Jim Jarmusch has an Indian project up his sleeve
American director Jim Jarmusch seems conpletely in love with Indian cinema. Works by Satyajit Ray, Imamura, Ozu, Mizoguchi, Bresson and Dreyer captivated him, laying his foundation for a career in the fantastic art form.entertainment Updated: Dec 11, 2009 15:47 IST
Some of the master classes held here during the ongoing Marrakech International Film Festival have been masterly. American director Jim Jarmusch’s certainly was. And he began his session the other afternoon in an auditorium packed to its brim with prophetic words. “Life is a series of moments that never come back”. Is that why, he never plans? I have no idea, but his approach to movie making has been unique in some ways. He said he rehearsed with his actors, but never the scenes he was going to shoot. “Because I want my actors to react, not merely act”. His actors are very important, because he writes his scripts with the cast in mind. “At least the lead actors”, he explained to me during a later interview. While others usually write the script and then go around looking for actors to essay the characters in it, Jarmusch has A or B or C in mind before he begins a penning.
“Writing for me is seduction”, he averred. “Filming is sex, and editing is pregnancy. The child goes out into the open world”. The helmer never rewrites. His script is a one-time affair. “I do not understand how people keep writing and rewriting the same script”, he wondered. His confidence might have come from the grounding he had in cinema from his very early years.
Born to middleclass parents in Ohio, Jarmusch saw many movies when he was barely six or seven: his mother used to leave him at the local cinema while she ran errands, and Jim saw his first adult film, Thunder Road (1958), when he was barely seven and the brutal violence left an impression on the little boy. He saw many more movies there, but despite his enthusiasm for cinema, he was an avid reader. He once said that literature “shaped his metaphysical beliefs leading him to reconsider theology in his mid-teens”. However, films remained an integral part of his existence, and when he was a student in Paris, he saw literally the cinema of the world. Works by Satyajit Ray, Imamura, Ozu, Mizoguchi, Bresson and Dreyer captivated him, laying his foundation for a career in the fantastic art form.
He told me that his “interest in India is daunting because of the amount of cinema the country produces and at all levels. I like the low B movies as well. I have a project that involves Indian cinema. I do not want to talk much about it now, but I know that out there in India there is a huge garden full of flowers”.
But when he does come to India, he is bound to change many rules. One of them relates to music. “I hate mood music. I do not want music to tell audiences what to feel or do. I hate music that pushes one towards laughing or crying or being happy or sad. Music should not become the cue”. Which is exactly what most Indian pictures do. Perhaps, this helps them to cover many of their shortcomings, including performances.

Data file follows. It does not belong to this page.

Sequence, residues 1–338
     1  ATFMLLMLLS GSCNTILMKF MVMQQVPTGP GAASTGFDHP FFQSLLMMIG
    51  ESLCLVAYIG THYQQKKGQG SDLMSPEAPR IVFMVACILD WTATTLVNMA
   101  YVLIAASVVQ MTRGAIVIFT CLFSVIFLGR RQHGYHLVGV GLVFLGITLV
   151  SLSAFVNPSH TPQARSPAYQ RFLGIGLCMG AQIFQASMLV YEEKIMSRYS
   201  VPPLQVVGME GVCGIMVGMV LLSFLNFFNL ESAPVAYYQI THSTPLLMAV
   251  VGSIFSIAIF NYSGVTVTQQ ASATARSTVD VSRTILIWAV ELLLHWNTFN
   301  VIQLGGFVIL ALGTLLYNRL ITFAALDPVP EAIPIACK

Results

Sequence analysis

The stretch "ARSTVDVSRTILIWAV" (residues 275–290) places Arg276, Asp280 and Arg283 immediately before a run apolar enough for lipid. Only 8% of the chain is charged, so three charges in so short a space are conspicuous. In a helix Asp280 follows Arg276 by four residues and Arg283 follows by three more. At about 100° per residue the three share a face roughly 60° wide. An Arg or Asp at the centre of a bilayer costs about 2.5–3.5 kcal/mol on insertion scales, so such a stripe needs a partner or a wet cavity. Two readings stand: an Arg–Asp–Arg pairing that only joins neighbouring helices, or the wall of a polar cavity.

I am pretty sure that given Jarmusch’s proclivity, he is bound to make a very different kind of film that could be absolutely new to Indians. His first major work, Stranger Than Paradise (1984), was critically acclaimed and won the Camera d’Or at Cannes. A comedy of three disillusioned young men as they travel from New York to Florida, the movie broke “many Hollywood conventions of film-making”. His next two films experimented with parallel narratives: Mystery Train (1989) told three stories that take place on the same night in Memphis; and Night on Earth (1991) spoke about five cab drivers, their passengers and their rides that begin at sunset in Los Angeles and end at dawn in Helsinki.
Jarmusch’s last two movies were widely different. “Broken Flowers” (2005) is a bitter-sweet treat about an ageing lothario, Don Johnston (played brilliantly by Bill Murray). When he receives a mysterious letter one day stating that he has a 19-year-old son, our pal takes off to find the mother. Retracing his life, he goes to each of his former flames, portrayed by Sharon Stone, Jessica Lange, Frances Conroy and Tilda Swinton. A delightful deadpan Murray carries the work literally on his shoulders.
The Limits of Control (2009) is about a lone criminal on an assignment in Spain, and it was not as well received as Broken Flowers, probably implying that audiences, living as they were in a world of violence, were not inclined to seeing more of it on screen.
However, Jarmusch is not the man to care about the box-office, I would suppose. He has remained genuinely independent, and Stanger Than Paradise practically invented this term in the 1980s. He had once said in a famous quote: "I don't do things for money. I mean, I do if I have to get a job and pay the rent. But that's not why I'm alive. That's not what I live for. I'm not interested. That's why Hollywood doesn't lure me. All they can promise you is fame and money. I don't want those things. I don't give a shit about them – so why would I go there then and give up my soul? Other people can do that." That is Jim Jarmusch for you, and he still lives by the same rule.
Gautaman Bhaskaran has been covering the Marrakech International Film Festival for several years.